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Or, as I like to put it: “Prior Planning and Preparation Prevents Poor Performance”

There is no greater requirement for a Service Manager than to be prepared. I learned the art of preparation during my time in the Army and – 20 years later – still apply the rules every day.

I ask the businesses and management teams I work with –

If you could change one thing today to enhance your business tomorrow, what would it be?

I ask this question to gain an insight into the people I’m talking to and their business, and where they perceive they need my help.

Boy_Scout_sThe answers to the question are varied but there are three recurring ones:

1.  Time – not enough hours in the day.
2.  Communication – the left hand doesn’t always know what the right is doing.
3.  Customer Satisfaction – how do we know we are doing the right thing by our customers?

All of these challenges can be improved through excellent preparation.

Preparation is the Boy Scouts motto. The more prepared you are, the more easily you can attend to unexpected occurrences. Staff need to be well informed regarding work expectations, to ensure customers are informed of changes, and to ensure that workflow is not affected.

So – preparation is the key to your work day. The expectation is not for you to do everything, but to manage the process.

Communication

Communication is the exchange and flow of information and ideas from one person to another.

Before you communicate, understand what you are trying to achieve. What do you need to communicate, and who are you communicating with? What is the most effective medium for the message?

Effective communication occurs only if the receiver understands the exact information or idea that the sender intended.

Communication processes must be two way. This ensures that all communication is sent, received, and given feedback.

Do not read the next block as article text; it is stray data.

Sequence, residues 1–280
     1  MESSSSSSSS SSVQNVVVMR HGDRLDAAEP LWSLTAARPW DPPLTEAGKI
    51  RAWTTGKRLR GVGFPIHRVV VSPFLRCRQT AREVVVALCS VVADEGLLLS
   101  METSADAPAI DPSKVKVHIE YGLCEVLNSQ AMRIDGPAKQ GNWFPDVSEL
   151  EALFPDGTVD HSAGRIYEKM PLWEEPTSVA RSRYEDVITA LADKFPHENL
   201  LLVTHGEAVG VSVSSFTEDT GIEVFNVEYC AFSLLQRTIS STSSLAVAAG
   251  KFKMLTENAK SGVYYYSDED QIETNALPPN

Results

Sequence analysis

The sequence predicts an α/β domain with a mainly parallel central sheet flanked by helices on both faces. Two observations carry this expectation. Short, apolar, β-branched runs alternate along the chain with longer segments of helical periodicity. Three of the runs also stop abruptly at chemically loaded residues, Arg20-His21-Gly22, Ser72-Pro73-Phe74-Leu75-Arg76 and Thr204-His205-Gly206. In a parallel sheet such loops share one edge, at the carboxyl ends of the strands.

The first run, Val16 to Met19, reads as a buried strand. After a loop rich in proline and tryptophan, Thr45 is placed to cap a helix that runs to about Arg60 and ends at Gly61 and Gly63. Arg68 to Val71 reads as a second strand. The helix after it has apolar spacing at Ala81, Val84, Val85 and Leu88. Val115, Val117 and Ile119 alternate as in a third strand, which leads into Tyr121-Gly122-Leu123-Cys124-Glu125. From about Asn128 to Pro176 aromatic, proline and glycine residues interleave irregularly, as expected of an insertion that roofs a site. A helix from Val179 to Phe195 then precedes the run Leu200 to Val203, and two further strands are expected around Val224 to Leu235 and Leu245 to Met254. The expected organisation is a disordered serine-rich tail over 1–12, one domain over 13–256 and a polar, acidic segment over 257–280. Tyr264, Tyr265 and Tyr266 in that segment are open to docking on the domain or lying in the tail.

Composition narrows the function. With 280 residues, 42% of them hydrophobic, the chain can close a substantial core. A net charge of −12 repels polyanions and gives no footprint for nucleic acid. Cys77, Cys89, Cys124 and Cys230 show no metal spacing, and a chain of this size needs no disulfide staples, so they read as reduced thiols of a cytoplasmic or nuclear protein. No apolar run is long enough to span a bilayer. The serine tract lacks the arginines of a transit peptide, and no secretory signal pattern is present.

This is one of the keys to effective management. There are many personality types to deal with in your department who have different styles of communication. Consistency is achieved (in part) by ensuring that communication is clear and open to all staff through regular staff meetings as follows:

Gather front line staff for 5 mins before work commences, to provide the landscape for the day ahead. Meetings must have a stated outcome that can be followed up during the day.

Then, gather warehousing, dispatch and technical staff to communicate the day’s workload. Any unplanned tech absences can be covered at this point.

Finally, the 10 @ 10 meeting with key staff members (managers and controllers) for an update on status of the business for that day and the week to date.

Time Management

Disciplined use of time is critical to a manager’s effectiveness. Time management will be improved through application of the following disciplines:

(a)    Create a daily list of tasks

          Be open and write down everything you think of, even though they may not get actioned.

(b)   Give each task a priority rating

          Use ABCD (1234) where A (1) = Top Priority and D (4) = Not Important.